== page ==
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Author Notes:

Corresponding author: Stewart A. Factor, Email: sfactor@emory.edu

See publication for full list of author contributions.

J.L.M. has no competing interests, F.C.G. has no competing interests, B.S. has no competing interests, D.B. has no competing interests, S.P.P. has no competing interests, S.A.F. has the following competing interests: Honoraria: Lundbeck, Teva, Sunovion, Biogen, Acadia, Neuroderm, Acorda, CereSpire.

Grants: Ipsen, Medtronics, Boston Scientific, Teva, US World Meds, Sunovion Therapeutics, Vaccinex, Voyager, Jazz Pharmaceuticals, Lilly, CHDI Foundation, Michael J. Fox Foundation, NIH, Royalties: Demos, Blackwell Futura for textbooks, Uptodate, Other Bracket Global LLC, CNS Ratings LLC.

The content is solely the responsibility of the authors and does not necessarily reflect the official views of the National Institutes of Health.


Research Funding:

Additional gait assessments were completed by Garrett Alexander M.D., Ph.D. Serum levodopa levels were completed by the Emory HPLC Bioanalytical Core (EHBC), which was supported by the Department of Pharmacology, Emory University School of Medicine and the Georgia Clinical & Translational Science Alliance of the National Institutes of Health under Award Number UL1TR002378.

The study was funded by Curtis Family Fund, Sartain Lanier Family Foundation (S.A.F.), NIH K25HD086276 (J.L.M.), and Parkinson Foundation Fellowship (S.P.P.)


  • Science & Technology
  • Life Sciences & Biomedicine
  • Neurosciences
  • Neurosciences & Neurology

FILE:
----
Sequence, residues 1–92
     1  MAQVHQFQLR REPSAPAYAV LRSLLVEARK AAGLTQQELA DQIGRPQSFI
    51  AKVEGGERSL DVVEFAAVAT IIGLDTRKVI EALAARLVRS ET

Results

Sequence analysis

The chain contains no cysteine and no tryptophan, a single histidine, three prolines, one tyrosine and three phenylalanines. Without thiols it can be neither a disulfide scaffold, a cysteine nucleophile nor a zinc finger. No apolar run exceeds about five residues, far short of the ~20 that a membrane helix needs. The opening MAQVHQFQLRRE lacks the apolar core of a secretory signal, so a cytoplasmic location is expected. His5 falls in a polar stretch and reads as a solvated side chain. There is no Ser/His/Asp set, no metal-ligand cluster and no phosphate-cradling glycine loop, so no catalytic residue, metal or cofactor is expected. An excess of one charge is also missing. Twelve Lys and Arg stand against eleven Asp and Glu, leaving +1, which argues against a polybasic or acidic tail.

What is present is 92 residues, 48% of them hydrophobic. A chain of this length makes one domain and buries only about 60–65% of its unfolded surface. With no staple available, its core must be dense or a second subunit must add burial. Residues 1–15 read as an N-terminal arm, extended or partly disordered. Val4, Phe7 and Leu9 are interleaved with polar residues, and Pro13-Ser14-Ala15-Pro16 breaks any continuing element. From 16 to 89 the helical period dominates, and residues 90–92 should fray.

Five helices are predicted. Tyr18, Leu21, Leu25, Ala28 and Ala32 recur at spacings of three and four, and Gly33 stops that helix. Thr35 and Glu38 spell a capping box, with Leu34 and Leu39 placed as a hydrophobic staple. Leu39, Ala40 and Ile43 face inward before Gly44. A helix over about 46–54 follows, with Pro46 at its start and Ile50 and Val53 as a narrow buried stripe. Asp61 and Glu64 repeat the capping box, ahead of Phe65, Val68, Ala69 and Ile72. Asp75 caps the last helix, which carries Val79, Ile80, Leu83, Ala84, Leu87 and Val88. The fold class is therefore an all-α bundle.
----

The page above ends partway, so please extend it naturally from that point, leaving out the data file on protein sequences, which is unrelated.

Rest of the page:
Freezing of Gait can persist after an acute levodopa challenge in Parkinson's disease


Journal Title:

npj Parkinson's Disease


Volume 5


, Pages 25-25

Type of Work:

Article | Final Publisher PDF


Study objectives included testing whether presumed levodopa-unresponsive freezing of gait (FOG) in Parkinson's disease (PD) actually persists in the presence of adequate dopaminergic dosing and to investigate whether the presence of other parkinsonian features and their responsiveness to therapy varies across patients without FOG (NO-FOG), with levodopa-responsive FOG (OFF-FOG), and with levodopa-unresponsive FOG (ONOFF-FOG). Fifty-five PD patients completed levodopa challenges after >12-h OFF with supratherapeutic doses of dopaminergic medications. Observed responses in FOG, measured with MDS-UPDRS-III during the patient reported full "ON", were used to classify them as NO-FOG, OFF-FOG, or ONOFF-FOG. Serum levodopa levels were measured. Only those with ≥20% improvement in MDS-UPDRS-III score were included in analyses. Levodopa challenge was sufficient to bring about a full "ON" state with ≥20% improvement in 45 patients. Levodopa-equivalent-dose utilized was 142 ± 56% of patients' typical morning doses. Overall, 19/45 patients exhibited FOG in the full "ON" state (ONOFF-FOG), 11 were classified as OFF-FOG, and 15 NO-FOG. Linear mixed models revealed a highly significant association between serum levodopa level and total MDS-UPDRS-III score that was similar across groups. The ONOFF-FOG group exhibited significantly higher New-FOG-questionnaire and MDS-UPDRS-II scores compared to the OFF-FOG group. Among MDS-UPDRS-III subdomains significant effects of group (highest in ONOFF-FOG) were identified for other axial parkinsonian features. We found that FOG can persist in the full "ON" state brought about by ample dopaminergic dosing in PD. Other axial measures can also be levodopa-unresponsive among those with ONOFF-FOG only. These data provide evidence that ONOFF-FOG is distinct from responsive freezing.

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© The Author(s) 2019

This is an Open Access work distributed under the terms of the Creative Commons Attribution 4.0 International License (https://creativecommons.org/licenses/by/4.0/).
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